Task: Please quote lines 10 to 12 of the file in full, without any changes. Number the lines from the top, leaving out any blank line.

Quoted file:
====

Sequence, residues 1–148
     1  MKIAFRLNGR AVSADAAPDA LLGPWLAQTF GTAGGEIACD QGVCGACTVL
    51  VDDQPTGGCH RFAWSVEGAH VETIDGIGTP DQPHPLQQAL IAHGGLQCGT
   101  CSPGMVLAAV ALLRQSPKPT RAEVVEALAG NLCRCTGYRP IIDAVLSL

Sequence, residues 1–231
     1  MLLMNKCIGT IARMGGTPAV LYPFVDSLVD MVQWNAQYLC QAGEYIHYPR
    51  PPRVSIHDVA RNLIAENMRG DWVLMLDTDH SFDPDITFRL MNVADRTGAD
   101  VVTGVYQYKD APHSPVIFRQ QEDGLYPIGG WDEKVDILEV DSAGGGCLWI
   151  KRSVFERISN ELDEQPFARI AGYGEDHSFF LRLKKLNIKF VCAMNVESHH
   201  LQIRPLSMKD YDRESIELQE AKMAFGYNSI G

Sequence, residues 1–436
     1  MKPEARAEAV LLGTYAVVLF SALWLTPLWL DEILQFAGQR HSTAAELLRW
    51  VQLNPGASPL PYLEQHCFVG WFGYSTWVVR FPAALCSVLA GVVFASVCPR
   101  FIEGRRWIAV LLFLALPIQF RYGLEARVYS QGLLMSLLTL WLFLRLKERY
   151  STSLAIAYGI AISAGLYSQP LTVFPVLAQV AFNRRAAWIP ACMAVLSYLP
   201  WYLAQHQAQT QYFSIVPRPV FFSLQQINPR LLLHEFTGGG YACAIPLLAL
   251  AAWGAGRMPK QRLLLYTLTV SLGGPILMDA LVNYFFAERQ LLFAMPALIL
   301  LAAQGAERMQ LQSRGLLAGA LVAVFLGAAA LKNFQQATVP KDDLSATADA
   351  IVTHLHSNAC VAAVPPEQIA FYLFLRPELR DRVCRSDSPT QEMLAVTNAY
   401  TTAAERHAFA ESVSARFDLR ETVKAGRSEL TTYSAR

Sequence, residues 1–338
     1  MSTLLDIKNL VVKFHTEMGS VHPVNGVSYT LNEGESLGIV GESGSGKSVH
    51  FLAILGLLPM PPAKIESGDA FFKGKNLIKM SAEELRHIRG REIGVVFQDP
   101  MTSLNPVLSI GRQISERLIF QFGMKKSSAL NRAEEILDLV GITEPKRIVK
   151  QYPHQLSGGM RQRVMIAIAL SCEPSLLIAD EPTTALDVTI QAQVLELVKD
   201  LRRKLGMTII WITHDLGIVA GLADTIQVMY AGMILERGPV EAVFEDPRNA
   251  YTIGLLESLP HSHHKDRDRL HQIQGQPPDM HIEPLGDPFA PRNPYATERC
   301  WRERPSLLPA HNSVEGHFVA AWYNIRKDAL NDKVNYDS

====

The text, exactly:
   201  LQIRPLSMKD YDRESIELQE AKMAFGYNSI G

Sequence, residues 1–436
     1  MKPEARAEAV LLGTYAVVLF SALWLTPLWL DEILQFAGQR HSTAAELLRW